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    Satellite Mobile Communications: T-mobile Closes Gaps With Spacex, Tesla And Apple Could Follow

    Aug 27,2022 | Chloe Lacour


    In front of a suitable rocket backdrop at SpaceX's Boca Chica site in Texas, Elon Musk and Mike Sievert, the CEO of T-Mobile US, presented cooperation on Thursday evening that is intended to make terrestrial mobile phone coverage complete with support from space. For now, that only applies to T-Mobile customers in the United States, but the partners specifically invited other companies to work together on "truly global connectivity." Tesla's electric cars will be able to use the service, Musk confirmed as CEO of SpaceX like Tesla. And Apple seems to be moving in the same direction.

    Starlink cellular for regular smartphones

    SpaceX and T-Mobile may have narrowly anticipated Apple with their “special” cooperation, according to Musk. Because the smartphone inventor also sent out invitations to his September event on Thursday, and this time it's themed "Far Out". This, along with the graphic of a constellation-style Apple logo, fits well with speculation that Apple is planning to add satellite connectivity to its iPhone 14.

    Now T-Mobile wants to do that first with SpaceX - and according to a joint statement from the two companies, you don't even need a new mobile phone for that. The vast majority of today's smartphones in the T-Mobile network will also be able to use the Starlink service, they write. However, a beta test is not scheduled to begin until the end of 2023, and there is one important limitation: For the time being, customers should only be able to use the satellite connection for messaging services. The partners want to tackle language and larger data transfers later.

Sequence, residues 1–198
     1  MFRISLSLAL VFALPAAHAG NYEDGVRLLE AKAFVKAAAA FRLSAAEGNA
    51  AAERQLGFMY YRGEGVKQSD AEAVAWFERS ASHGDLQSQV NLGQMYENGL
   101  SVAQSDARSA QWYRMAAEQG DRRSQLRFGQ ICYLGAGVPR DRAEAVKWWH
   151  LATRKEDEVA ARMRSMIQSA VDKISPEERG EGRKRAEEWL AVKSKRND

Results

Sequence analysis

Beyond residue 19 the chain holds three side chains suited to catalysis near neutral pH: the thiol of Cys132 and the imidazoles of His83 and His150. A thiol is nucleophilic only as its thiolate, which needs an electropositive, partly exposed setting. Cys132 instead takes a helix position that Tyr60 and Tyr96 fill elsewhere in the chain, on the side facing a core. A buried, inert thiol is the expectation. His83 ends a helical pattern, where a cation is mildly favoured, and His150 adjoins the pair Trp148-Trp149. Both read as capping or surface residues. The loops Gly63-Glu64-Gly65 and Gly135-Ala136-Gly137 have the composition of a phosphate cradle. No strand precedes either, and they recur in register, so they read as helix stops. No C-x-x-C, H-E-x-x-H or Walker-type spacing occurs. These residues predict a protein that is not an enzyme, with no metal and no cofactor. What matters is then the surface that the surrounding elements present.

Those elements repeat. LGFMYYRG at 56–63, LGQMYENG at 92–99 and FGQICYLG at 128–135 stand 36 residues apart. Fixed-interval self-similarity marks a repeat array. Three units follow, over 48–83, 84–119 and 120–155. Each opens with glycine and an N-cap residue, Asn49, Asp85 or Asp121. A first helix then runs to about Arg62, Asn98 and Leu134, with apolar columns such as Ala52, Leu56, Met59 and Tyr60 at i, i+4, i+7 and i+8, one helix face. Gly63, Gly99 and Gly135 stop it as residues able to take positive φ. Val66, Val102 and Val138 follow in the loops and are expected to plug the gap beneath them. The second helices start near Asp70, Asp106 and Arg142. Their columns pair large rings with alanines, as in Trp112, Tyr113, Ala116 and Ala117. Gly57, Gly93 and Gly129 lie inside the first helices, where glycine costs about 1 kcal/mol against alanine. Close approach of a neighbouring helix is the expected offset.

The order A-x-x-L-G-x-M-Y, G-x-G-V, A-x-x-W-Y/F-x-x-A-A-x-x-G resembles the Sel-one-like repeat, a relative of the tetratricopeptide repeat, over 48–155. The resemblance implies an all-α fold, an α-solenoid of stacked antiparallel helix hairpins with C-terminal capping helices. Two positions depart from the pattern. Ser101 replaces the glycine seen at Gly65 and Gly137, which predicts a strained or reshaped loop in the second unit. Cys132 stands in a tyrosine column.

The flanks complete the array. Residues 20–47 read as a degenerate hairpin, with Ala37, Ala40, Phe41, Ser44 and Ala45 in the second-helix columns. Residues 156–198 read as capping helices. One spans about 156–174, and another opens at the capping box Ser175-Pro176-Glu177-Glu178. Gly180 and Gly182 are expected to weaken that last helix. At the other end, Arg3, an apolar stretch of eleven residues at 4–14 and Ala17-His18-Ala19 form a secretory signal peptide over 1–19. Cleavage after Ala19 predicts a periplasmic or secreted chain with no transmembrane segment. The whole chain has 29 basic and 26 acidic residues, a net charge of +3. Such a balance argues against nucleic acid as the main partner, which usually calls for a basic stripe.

Service also for Tesla electric cars

    If today's devices can use the service, SpaceX will have to make correspondingly greater efforts. According to the announcement, Starlink satellites are to span a mobile network from space on the frequencies of T-Mobile over the USA. But this requires next-generation satellites, and to get them into space, SpaceX needs the new Starship rocket system, Musk explained in front of several prototypes. There hasn't been an orbital test with it yet, and approval for it in Texas, among other things, is a long time coming.

    Perhaps that's why at the end of the T-Mobile version of the joint press release, it is explicitly pointed out that better coverage for its own customers via Starlink is a forward-looking statement, which means it is subject to great uncertainty. Tesla and SpaceX boss Musk, as usual, showed no such caution. Instead, when asked on Twitter, he promised that Tesla's electric cars would also get the satellite service. Previously, he had always turned down requests to integrate Starlink because the receiver was too large. With the satellite generation v2, it should work soon after all - if everything else works.

    What exactly does Apple mean by the "Far Out" hint, the company is likely to reveal it on September 7th. In any case, the cooperation between SpaceX and T-Mobile suggests that the mobile world is ripe for an expansion into space in order to better supply the earth. Technology investor and Tesla shareholder Gene Munster called satellite connectivity on the iPhone 14 Pro Max a "safe bet" on Friday and even thought it possible that Starlink, T-Mobile, and Tesla would be presented by Apple as partners.

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